Gilbert, who wrote the libretti for these operas, created fanciful "topsy-turvy" worlds where each absurdity is taken to its logical conclusion—fairies rub elbows with British lords, flirting is a capital offence, gondoliers ascend to the monarchy, and pirates emerge as noblemen who have gone astray. Sullivan, six years Gilbert's junior, composed the music, contributing memorable melodies that could convey both humour and pathos.
The Sorcerer is a two-act comic opera, with a libretto by W. S. Gilbert and music by Arthur Sullivan. It opened on November 17, 1877 at the Opera Comique in the Strand in London, where it ran for 178 performances. For the 1884 revival, Gilbert and Sullivan abridged the ending to Act I, and provided a new opening to Act II, and it is in this form that the work is usually presented today. The success of The Sorcerer, although modest, encouraged Carte and the authors to continue their collaboration the following year with H.M.S. Pinafore, the work that established the Gilbert and Sullivan phenomenon that produced one hit after another throughout the 1880s – the series known as the Savoy Operas. The opera was revived in 1884 and again in 1898. In the early years of the 20th century, however, it gradually fell out of favour. Between the mid-1930s and the early 1970s, the D'Oyly Carte Opera Company did not perform it at all, and many amateur companies followed suit. A 1971 revival brought new life to the work, and it has now joined the regular rotation of most G&S performing groups.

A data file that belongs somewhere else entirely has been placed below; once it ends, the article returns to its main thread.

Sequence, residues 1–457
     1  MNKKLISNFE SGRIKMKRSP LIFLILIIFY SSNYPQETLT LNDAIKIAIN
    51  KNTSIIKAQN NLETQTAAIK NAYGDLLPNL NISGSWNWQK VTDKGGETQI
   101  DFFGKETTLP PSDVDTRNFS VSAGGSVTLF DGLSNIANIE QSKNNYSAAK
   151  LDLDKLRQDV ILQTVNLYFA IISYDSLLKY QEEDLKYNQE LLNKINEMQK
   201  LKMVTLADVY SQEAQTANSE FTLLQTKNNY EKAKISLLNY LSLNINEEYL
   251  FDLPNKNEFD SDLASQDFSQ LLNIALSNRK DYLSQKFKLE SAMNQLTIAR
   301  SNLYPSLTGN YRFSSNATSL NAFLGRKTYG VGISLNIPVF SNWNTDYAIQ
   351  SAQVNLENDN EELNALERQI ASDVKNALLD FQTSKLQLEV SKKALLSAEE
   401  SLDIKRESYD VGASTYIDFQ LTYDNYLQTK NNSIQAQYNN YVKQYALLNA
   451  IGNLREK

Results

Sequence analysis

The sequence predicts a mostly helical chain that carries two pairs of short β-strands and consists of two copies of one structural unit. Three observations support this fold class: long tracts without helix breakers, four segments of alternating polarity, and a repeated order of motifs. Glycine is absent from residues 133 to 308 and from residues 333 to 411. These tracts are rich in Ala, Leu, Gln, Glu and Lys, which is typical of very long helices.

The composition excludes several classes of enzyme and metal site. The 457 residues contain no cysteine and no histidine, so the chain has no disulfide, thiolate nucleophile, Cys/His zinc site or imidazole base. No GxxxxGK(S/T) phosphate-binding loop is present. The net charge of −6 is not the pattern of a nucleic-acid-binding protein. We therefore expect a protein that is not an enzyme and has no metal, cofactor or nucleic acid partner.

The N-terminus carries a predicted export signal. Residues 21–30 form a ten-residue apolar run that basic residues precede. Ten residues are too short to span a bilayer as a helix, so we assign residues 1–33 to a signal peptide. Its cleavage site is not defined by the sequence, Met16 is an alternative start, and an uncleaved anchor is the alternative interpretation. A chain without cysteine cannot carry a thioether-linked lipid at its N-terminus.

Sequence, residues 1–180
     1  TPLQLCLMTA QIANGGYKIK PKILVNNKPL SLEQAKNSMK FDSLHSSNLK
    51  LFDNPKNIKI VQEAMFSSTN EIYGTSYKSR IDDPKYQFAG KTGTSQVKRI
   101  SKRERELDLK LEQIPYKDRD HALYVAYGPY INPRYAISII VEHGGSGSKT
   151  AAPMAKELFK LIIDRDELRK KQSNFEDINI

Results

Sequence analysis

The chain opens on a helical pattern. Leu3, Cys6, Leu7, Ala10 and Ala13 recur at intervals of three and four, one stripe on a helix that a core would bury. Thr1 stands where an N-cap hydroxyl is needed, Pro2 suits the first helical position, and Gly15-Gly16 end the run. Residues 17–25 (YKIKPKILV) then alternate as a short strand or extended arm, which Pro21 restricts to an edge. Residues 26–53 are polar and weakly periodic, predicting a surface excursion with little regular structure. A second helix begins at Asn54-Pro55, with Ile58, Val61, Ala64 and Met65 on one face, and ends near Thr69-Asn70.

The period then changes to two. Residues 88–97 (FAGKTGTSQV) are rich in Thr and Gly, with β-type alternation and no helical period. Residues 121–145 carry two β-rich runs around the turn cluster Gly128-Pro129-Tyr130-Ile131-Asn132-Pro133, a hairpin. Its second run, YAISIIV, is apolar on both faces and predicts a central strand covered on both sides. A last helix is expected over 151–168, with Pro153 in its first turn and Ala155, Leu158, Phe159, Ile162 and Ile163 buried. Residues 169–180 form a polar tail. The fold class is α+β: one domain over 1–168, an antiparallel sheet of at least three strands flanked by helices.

10 May 2008 - Final public appearance of Bruce Montgomery, at a dedication gala for the newly renamed Bruce Montgomery Theater in The Annenberg Center at The University of Pennsylvania featuring his compositions